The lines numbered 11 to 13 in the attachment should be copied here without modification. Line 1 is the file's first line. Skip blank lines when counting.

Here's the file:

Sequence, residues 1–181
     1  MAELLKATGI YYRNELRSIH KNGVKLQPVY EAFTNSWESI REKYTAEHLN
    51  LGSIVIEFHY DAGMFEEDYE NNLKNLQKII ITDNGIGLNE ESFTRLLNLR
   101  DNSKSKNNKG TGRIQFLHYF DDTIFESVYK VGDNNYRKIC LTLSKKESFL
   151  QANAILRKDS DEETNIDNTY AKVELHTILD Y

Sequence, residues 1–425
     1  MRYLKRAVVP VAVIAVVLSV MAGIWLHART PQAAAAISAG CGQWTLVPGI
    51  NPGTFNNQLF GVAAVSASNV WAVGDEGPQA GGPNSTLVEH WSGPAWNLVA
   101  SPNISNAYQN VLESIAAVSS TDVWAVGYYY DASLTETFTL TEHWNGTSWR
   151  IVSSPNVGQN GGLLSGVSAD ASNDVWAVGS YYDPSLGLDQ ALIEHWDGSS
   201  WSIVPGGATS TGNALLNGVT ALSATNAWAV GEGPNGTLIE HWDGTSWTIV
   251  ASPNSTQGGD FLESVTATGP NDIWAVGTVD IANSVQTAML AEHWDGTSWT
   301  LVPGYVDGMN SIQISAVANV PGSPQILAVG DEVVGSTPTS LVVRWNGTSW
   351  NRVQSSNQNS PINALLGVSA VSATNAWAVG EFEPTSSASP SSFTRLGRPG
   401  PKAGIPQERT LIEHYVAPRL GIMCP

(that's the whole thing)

   201  WSIVPGGATS TGNALLNGVT ALSATNAWAV GEGPNGTLIE HWDGTSWTIV
   251  ASPNSTQGGD FLESVTATGP NDIWAVGTVD IANSVQTAML AEHWDGTSWT
   301  LVPGYVDGMN SIQISAVANV PGSPQILAVG DEVVGSTPTS LVVRWNGTSW